Bookmarked Resources For Teaching Online Due To School Closures (The Edublogger)

Our guide will give you insights into how educators around the world are approaching school closures.

Thousands of teachers worldwide are currently sharing snippets of their experiences via social media or their blogs. We’ve compiled, curated, and built on some common themes and ideas to create this extensive guide.

Click on the links in the menu below to help you navigate the post. 

You’ll get ideas on:

This post also includes a range of useful graphics to help you that you’re free to use and share.

Kathleen Morris provides a number of topics and tools to consider if forced to move learning online. This includes how to structure online learning, what are some options for a learning hub, the different tools available to support learning experiences and some things to consider if moving online. The post provides a great summary of what is possible and often links out to other Edublogger posts on various applications. However, I think the post useful parts are the list of obstacles and school closure checklist at the end.

Although technology provides something of a solution to the problem at hand, I think we need to be mindful of rolling out such changes seemingly overnight. As Audrey Watters reminds, we must not forget the accessibility and privacy implications. I am concerned that once the miasma clears we will look at each other and wonder what informal agreements we have signed, especially with so many offering ’90 days free’ for those impacted by the coronavirus.

Bookmarked Democratizing Education With WordPress (The Edublogger)

This is a companion post to a talk I gave yesterday at WordCamp Europe 2019 – the largest conference of its kind for the web and WordPress community. What follows is somewhere between a transcript of the presentation and a blog post. 

You can see the video of this talk here.


Let’s get started by taking a look at a few photographs…

What do we all immediately notice? Besides the interesting clothes and the first two photos being in black and white, all three are very similar. In schools around the world, for as long as we can remember, kids sit at desks in rows and all face a teacher at the front of the room.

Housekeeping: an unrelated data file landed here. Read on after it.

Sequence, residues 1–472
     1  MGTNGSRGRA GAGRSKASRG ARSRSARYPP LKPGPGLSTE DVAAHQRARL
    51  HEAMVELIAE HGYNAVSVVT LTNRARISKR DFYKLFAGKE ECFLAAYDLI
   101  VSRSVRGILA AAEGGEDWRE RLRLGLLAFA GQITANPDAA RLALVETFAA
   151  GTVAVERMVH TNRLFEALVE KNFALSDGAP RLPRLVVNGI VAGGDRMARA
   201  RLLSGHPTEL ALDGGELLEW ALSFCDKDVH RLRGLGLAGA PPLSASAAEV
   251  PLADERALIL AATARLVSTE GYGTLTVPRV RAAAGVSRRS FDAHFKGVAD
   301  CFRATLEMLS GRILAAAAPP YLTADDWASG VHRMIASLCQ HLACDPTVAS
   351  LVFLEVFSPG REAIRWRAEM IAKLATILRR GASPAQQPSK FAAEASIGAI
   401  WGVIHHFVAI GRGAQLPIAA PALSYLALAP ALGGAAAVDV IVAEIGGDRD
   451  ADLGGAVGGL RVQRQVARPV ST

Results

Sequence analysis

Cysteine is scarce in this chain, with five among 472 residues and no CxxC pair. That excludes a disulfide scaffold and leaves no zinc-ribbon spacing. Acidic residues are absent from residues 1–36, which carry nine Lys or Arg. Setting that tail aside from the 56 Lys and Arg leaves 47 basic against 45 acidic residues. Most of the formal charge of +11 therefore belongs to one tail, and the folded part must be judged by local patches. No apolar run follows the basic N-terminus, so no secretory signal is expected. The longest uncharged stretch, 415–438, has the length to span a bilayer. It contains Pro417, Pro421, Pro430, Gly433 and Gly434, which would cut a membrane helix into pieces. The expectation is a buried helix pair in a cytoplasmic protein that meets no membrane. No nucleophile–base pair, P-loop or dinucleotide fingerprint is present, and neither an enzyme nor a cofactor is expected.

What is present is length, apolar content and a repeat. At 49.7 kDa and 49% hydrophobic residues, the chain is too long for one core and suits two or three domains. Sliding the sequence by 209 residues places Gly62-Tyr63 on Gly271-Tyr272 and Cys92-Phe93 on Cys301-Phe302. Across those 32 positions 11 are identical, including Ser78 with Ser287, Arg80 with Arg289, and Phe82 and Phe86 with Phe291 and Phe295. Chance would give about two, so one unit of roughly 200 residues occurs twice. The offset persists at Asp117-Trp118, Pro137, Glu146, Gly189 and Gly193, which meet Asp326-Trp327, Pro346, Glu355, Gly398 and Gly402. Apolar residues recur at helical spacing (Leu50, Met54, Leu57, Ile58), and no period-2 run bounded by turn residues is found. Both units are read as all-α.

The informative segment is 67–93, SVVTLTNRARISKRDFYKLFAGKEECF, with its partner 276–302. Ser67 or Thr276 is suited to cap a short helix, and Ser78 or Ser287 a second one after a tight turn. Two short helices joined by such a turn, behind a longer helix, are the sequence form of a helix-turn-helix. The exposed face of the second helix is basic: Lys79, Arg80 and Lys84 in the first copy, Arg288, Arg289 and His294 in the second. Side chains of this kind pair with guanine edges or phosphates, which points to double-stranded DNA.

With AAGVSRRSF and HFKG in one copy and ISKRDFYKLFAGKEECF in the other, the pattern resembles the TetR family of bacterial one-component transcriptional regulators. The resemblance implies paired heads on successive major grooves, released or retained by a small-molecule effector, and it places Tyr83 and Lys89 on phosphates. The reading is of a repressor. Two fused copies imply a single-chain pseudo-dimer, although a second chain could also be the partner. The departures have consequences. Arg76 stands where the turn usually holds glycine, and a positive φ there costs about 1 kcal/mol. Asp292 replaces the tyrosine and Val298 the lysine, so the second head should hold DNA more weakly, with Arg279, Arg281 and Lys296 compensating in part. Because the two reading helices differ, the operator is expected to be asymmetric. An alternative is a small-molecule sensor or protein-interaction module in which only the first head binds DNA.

A little confession. I ripped off this idea to start this talk with photographs of classrooms over the years from a few different talks that I have seen before. But in those talks, the speakers used these photos as evidence that our education system is stagnant and therefore broken. We have similar views shared by the likes of Sal Kahn, Sir Ken Robinson, Bill Gates, Mark Zuckerberg and many more thought leaders in recent years. They suggest that we need a technology revolution to solve all of our problems. Most believe in Massive Open Online Courses (MOOCs) as a viable vehicle for instruction. And scariest of all, some are claiming that we don’t even need teachers anymore.

Here’s the deal. Traditionally, education has been about how we best take a bunch of facts and download them into someone’s head. Then, we try and prove that those facts actually made it in ok – through assessments, exams, a certification, or a diploma. I call this the ‘Inputs + Outputs’ definition of education. Inputs are the curriculum, concepts, and learning objectives. Outputs are how we assess and show that the inputs were in fact ‘learned’. 

As discussed above, many great minds champion the promise of the web and technology to significantly improve education and learning. But in most cases, folks saying these things do so for the wrong reasons, and to be fair, most have never actually taught in a real classroom before. Sure, some of what they say is true. The web does make it easier and cheaper to make knowledge and information more widely available, and that can make it a great equalizer. 

The problem is, I don’t believe that education is about facts and knowledge. The ‘Inputs’ aren’t as important today because we can just pick up our phones and ask Google or ask Siri anything and everything we ever wanted to know. 

If you take just one thing away from me today, it should be that education is really about the personal and individual experiences, about project-based and service learning, and about the struggles, and the failures – which are all so much more important than any learning outcomes (or ‘outputs’).

In the post-information age, experiences are more important than knowledge.  

A big problem with my ‘experiences’ philosophy (and this may have gotten me in trouble a bit when I was a teacher) is that it is hard to quantify. And our society likes verifiable results. We can’t easily asses experiences on an exam or on a quiz. It can be challenging to assign meaningful grades or marks.

We have investors and billionaires focusing all of this money on new and more efficient ways to make textbooks more interesting and videos more engaging. We have this idea that if we just collect enough data points on students, then Artificial Intelligence can deliver personalized learning wherever and whenever. Again, in this new world, do we really need teachers anymore?